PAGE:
Our stint with the Xtreme 160R has been niggle-free and surprisingly good fun.
Published on Sep 22, 2021 07:00:00 AM
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Tyre hugger keeps muck under control even in heavy rains.
Bolts near the swingarm rusting in less than a year of usage.
With the way the last year and a half has gone, some of our recent long-term reports end with us wishing we could have done more with the bike before it went back to the manufacturer. Enough with it. That’s not really the case when it comes to the Xtreme 160R and myself. Since the beginning, I knew this was going to be my primary mode of transportation within Mumbai. Yes, the last report did include a longer highway stint, but truth be told, that was a rare occurrence.
While that might sound a bit underwhelming and unjust to the motorcycle, one has to realise that the majority of buyers in this space are likely going to do the same. A big city has quite a bit to ask of a motorcycle, especially if you use it for every single thing. The most obvious and frequent ask is snarled-up traffic, and the 160R delivers and how! The light clutch, smooth gearbox and cool-running engine result in an effortless experience. Pair that with the 139.5kg kerb weight and easy ergonomics, and you got a machine that feels like it was built for it.
My experience with this motorcycle has been trouble free. In fact, this is my first long-termer that has had absolutely no mechanical niggles. Even after having left it untouched for almost a month when I had COVID-19, it started up in a jiffy.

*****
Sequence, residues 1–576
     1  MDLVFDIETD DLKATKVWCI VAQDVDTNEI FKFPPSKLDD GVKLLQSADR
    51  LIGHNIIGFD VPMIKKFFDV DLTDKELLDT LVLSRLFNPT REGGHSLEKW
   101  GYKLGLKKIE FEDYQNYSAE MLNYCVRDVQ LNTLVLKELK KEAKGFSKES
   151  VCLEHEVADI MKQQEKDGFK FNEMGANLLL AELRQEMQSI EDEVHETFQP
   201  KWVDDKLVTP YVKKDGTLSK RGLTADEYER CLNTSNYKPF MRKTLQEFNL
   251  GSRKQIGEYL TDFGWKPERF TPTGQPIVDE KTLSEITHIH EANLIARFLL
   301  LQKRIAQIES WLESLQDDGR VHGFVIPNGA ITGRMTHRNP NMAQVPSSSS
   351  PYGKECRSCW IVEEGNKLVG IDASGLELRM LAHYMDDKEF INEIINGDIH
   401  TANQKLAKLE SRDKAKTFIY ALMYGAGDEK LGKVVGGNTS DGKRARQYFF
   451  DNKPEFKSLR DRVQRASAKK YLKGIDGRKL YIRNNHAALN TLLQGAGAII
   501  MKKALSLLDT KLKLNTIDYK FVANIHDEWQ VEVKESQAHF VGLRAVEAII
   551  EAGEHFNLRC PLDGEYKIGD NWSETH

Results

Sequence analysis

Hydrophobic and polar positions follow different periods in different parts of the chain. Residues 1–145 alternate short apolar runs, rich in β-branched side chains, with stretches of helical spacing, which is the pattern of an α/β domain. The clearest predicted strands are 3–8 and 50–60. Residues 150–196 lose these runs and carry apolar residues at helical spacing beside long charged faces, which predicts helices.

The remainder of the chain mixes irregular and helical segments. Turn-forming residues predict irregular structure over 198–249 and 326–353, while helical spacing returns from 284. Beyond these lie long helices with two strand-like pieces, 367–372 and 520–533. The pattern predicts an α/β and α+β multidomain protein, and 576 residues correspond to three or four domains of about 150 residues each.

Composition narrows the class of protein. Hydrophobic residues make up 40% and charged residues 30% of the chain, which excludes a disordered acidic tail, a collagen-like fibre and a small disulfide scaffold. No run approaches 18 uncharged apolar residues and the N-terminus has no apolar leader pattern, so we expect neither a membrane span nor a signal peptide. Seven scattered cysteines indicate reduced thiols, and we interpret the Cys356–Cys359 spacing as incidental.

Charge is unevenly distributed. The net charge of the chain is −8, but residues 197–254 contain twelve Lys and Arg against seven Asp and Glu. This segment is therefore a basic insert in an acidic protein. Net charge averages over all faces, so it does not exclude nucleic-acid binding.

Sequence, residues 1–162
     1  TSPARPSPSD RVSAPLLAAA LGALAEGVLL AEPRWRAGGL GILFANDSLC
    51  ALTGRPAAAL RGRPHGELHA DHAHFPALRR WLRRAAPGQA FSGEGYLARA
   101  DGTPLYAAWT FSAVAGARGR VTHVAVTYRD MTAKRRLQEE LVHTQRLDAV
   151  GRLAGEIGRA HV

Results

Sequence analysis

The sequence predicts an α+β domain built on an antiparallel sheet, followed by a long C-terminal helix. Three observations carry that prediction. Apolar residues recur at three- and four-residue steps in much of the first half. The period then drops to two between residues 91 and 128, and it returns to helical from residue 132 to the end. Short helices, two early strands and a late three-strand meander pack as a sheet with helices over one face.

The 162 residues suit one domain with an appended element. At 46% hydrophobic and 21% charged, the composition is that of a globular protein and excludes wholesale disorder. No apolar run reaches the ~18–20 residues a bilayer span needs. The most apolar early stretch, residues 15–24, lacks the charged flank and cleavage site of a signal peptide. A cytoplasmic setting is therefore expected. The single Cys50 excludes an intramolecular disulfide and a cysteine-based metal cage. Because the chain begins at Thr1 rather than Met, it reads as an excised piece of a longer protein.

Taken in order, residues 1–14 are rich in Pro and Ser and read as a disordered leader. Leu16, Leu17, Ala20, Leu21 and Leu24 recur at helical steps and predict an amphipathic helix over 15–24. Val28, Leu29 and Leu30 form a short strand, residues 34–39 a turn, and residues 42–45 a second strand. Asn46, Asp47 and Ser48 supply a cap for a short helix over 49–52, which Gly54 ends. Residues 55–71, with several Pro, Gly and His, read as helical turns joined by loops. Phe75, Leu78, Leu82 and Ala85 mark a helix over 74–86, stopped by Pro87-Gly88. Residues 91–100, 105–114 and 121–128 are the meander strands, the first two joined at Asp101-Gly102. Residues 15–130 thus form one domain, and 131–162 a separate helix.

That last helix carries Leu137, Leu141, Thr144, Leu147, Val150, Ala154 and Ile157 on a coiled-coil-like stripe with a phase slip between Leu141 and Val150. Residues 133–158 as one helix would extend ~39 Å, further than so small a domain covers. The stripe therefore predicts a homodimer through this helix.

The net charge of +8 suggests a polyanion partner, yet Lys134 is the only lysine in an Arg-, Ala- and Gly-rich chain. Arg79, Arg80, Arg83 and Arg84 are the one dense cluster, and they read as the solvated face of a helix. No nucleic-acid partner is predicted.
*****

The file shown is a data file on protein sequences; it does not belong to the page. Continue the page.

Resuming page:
And it turns out that the service and spare parts costs are delightfully low as well, and not to mention that the bike comes with a 5 year/70,000km warranty.
Okay, I just realised that I’ve been raving on about the 160R. It, like every other motorcycle, has its shortcomings. The tiny pillion seat expects anyone hitching a ride to be either malnourished or a gym freak. However, that seat has an explanation as well. Here I go again. It’s a by-product of what is a rather modern design. It’s by far the best-looking bike in the segment and even probably a segment above it. Despite being one of the quite compact and unintimidating bikes when it comes to its size, it has a ton of admirers in traffic. I was told at least a dozen times by these admirers that the 160R looks more expensive than it is, and I couldn’t agree more.
Most of my friends live in the suburbs, which meant I was quite a regular on the Western Express Highway. This stretch is plagued by the occasional sudden gorge-like potholes and ignorant drivers. What you need here are dependable brakes and comfortable ride quality, and the 160R really delivers.
I’ve really grown fond of the Xtreme 160R, but at the end of the day, I feel like there’s not a lot more I could have done with it, which is why I have no trouble parting ways. Hero has come quite far in the 10 years they’ve been around, and if the 160R is anything to go by, the future looks even more promising. As for me, onwards to the next motorcycle.
Hero Xtreme 160R long term review, first report
Hero Xtreme 160R long term review, second report
|Price when new||Rs 1.12 lakh (ex-showroom, Delhi)|
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